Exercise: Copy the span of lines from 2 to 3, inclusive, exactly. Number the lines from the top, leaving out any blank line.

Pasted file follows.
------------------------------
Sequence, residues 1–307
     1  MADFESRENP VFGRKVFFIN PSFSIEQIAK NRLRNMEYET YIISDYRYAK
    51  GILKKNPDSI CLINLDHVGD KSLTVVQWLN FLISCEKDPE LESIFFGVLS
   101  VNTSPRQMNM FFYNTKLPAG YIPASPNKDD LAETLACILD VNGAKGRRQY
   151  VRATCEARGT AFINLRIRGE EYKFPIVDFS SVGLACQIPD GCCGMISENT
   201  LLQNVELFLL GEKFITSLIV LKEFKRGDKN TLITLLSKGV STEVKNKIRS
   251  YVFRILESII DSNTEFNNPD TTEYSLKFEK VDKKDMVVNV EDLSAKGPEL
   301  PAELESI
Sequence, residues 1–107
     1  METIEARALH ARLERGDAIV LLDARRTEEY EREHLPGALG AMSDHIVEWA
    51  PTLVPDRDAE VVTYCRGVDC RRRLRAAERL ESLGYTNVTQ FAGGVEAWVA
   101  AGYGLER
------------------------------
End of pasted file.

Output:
     1  MADFESRENP VFGRKVFFIN PSFSIEQIAK NRLRNMEYET YIISDYRYAK
    51  GILKKNPDSI CLINLDHVGD KSLTVVQWLN FLISCEKDPE LESIFFGVLS